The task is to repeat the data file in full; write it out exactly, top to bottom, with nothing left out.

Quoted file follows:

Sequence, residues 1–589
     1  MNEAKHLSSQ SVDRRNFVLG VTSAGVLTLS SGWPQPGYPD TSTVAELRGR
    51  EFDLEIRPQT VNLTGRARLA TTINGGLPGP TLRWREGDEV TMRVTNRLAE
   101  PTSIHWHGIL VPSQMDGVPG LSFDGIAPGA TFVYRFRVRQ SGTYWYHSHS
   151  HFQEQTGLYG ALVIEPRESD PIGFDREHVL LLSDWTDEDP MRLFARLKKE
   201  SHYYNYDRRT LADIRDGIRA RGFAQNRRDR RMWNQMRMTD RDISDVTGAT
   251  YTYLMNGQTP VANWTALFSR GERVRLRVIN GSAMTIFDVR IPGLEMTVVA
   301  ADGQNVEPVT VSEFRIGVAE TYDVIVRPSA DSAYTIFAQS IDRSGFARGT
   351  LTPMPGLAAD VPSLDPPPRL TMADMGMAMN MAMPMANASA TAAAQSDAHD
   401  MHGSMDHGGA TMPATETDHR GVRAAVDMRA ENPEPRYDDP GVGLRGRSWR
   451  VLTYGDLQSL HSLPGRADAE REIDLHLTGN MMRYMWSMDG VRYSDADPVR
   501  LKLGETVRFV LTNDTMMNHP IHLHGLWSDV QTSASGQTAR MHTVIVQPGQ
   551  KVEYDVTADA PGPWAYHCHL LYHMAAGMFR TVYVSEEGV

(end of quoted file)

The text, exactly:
Sequence, residues 1–589
     1  MNEAKHLSSQ SVDRRNFVLG VTSAGVLTLS SGWPQPGYPD TSTVAELRGR
    51  EFDLEIRPQT VNLTGRARLA TTINGGLPGP TLRWREGDEV TMRVTNRLAE
   101  PTSIHWHGIL VPSQMDGVPG LSFDGIAPGA TFVYRFRVRQ SGTYWYHSHS
   151  HFQEQTGLYG ALVIEPRESD PIGFDREHVL LLSDWTDEDP MRLFARLKKE
   201  SHYYNYDRRT LADIRDGIRA RGFAQNRRDR RMWNQMRMTD RDISDVTGAT
   251  YTYLMNGQTP VANWTALFSR GERVRLRVIN GSAMTIFDVR IPGLEMTVVA
   301  ADGQNVEPVT VSEFRIGVAE TYDVIVRPSA DSAYTIFAQS IDRSGFARGT
   351  LTPMPGLAAD VPSLDPPPRL TMADMGMAMN MAMPMANASA TAAAQSDAHD
   401  MHGSMDHGGA TMPATETDHR GVRAAVDMRA ENPEPRYDDP GVGLRGRSWR
   451  VLTYGDLQSL HSLPGRADAE REIDLHLTGN MMRYMWSMDG VRYSDADPVR
   501  LKLGETVRFV LTNDTMMNHP IHLHGLWSDV QTSASGQTAR MHTVIVQPGQ
   551  KVEYDVTADA PGPWAYHCHL LYHMAAGMFR TVYVSEEGV